National College of Ireland is very proud to see so many of its faculty and staff named ‘Teaching Heroes’.
Pauline Kelly Phelan
Victor Del Rosal
In the coming weeks, our Teaching Heroes will receive a Teaching Hero Award scroll and digital badge in recognition of their wonderful achievement, and we do hope they allow us join in congratulating them by sharing images on social media and tagging @NCIRL.
These awards come from ‘unprompted’ student nominations, so it is very gratifying to see so many NCI people amongst the 870 names from 32 organisations. Particular thanks must go to the students who took the time to enter nominations, and to our own NCISU for encouraging participation.
This is the third time that T&L Ireland (The National Forum for the Enhancement of Teaching and Learning in Higher Education) and the USI (Union of Students in Ireland) have worked together, along with individual SUs, to celebrate the country’s Teaching Heroes.
This year’s Awards were non-competitive, with all those, who received nominations and were happy to accept an Award, being included in the list of Awardees. The Awards video, featuring the names of all Teaching Heroes – including NCI’s baker’s dozen – alongside examples of the nominations received can be viewed here.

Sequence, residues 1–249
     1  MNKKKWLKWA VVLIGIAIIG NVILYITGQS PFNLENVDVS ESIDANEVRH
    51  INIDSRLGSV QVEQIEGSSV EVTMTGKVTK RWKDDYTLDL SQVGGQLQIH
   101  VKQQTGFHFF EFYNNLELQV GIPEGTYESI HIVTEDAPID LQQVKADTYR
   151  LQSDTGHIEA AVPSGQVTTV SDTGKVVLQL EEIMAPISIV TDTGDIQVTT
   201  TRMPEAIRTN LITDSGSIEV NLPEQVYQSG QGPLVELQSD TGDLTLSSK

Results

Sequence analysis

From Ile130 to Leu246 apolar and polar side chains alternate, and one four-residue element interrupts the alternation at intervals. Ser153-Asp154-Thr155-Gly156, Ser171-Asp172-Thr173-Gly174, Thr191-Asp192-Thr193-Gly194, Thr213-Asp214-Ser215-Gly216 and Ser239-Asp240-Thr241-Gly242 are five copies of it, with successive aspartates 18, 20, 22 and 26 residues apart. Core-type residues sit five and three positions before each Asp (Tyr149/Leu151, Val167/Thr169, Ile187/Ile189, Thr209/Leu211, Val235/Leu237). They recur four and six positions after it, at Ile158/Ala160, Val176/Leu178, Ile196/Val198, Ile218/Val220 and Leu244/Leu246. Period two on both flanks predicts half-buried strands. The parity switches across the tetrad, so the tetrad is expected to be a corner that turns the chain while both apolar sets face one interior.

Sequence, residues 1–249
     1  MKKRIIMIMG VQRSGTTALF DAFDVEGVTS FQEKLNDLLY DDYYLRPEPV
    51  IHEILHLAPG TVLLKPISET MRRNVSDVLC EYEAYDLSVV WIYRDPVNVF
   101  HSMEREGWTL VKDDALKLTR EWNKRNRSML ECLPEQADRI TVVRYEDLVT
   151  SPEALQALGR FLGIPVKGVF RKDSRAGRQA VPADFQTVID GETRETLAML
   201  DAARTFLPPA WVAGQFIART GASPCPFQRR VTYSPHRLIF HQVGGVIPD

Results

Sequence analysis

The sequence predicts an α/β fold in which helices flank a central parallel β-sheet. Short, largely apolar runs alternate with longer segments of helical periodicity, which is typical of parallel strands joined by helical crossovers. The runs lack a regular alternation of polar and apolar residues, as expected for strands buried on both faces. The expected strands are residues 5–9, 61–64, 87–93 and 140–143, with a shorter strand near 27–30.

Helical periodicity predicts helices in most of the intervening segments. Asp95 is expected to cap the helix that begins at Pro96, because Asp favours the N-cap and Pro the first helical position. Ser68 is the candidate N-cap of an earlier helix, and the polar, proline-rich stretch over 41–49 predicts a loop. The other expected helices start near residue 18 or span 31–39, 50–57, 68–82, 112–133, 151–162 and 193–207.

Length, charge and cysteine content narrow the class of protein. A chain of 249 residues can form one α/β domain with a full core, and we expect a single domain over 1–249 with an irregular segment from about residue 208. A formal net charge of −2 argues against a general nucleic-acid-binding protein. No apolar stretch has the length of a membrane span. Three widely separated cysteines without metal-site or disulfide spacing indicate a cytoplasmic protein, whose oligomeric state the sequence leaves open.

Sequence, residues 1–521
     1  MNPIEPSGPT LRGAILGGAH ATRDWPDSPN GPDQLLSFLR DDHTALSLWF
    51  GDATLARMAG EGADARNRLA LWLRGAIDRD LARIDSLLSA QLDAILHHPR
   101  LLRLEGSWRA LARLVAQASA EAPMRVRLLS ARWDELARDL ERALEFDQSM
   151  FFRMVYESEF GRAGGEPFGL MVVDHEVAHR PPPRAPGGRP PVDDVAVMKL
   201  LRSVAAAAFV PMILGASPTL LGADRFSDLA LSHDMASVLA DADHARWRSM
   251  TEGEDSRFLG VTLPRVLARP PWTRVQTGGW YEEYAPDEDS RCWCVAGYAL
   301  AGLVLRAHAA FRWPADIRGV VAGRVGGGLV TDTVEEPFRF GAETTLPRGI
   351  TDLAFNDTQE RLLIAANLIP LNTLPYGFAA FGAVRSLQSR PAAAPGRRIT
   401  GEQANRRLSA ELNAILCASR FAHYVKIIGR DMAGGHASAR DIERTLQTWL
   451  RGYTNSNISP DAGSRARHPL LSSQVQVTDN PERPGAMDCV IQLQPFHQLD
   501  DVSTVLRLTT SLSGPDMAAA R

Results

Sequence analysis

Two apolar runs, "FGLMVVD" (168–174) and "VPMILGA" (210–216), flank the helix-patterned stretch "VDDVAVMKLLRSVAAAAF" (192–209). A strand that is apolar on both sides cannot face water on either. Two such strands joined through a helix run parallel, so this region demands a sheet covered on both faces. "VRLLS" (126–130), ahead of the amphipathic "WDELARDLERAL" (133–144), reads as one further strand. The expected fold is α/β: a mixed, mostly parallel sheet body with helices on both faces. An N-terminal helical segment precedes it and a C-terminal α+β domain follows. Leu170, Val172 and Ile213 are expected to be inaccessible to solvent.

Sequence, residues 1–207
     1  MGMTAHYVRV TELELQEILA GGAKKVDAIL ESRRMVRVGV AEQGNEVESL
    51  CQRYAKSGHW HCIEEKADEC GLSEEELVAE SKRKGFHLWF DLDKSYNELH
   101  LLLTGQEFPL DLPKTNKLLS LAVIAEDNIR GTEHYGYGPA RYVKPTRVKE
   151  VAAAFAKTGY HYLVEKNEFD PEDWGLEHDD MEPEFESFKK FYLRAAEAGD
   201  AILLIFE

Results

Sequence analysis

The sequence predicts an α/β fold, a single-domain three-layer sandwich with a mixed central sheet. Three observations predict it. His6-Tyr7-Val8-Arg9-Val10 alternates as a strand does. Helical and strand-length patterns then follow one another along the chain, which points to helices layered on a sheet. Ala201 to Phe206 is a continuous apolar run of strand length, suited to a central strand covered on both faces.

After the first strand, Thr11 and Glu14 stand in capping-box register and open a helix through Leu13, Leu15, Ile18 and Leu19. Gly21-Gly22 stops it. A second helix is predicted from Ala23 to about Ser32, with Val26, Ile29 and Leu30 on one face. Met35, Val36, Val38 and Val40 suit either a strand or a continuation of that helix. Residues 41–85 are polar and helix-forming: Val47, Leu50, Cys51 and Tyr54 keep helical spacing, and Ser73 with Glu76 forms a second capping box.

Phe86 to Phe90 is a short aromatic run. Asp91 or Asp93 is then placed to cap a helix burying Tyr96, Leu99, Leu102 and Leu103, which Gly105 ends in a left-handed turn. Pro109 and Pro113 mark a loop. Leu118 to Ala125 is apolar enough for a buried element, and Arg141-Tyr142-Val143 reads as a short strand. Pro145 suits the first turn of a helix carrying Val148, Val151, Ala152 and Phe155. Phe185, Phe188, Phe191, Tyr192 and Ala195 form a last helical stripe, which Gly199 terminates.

In late 2020, students were asked to respond to the following:
“Tell us about your higher education Teaching Hero in 150 words or less. Don’t just tell us that your Teaching Hero was great ... tell us why.”
Students were encouraged to consider the wide range of those who teach, including lecturing staff, tutors, supervisors, technicians, librarians and any who are involved in teaching students across the sector.
The nomination process provides an opportunity for students to shine a light on some of those who have made a difference to them during their studies. Across the three iterations of the Awards, over 6,500 students have taken time to submit nominations. Data from previous Teaching Hero Awards, published here, show that students who participated in the nomination process valued their teachers for certain kinds of characteristics and behaviour. Typical of these included: generosity with time, approachability, helpfulness, passion for their subject, encouraging of student learning, and skilled communication. Examples of how well those who teach responded to the pandemic context was also mentioned by many students in submissions received in 2020.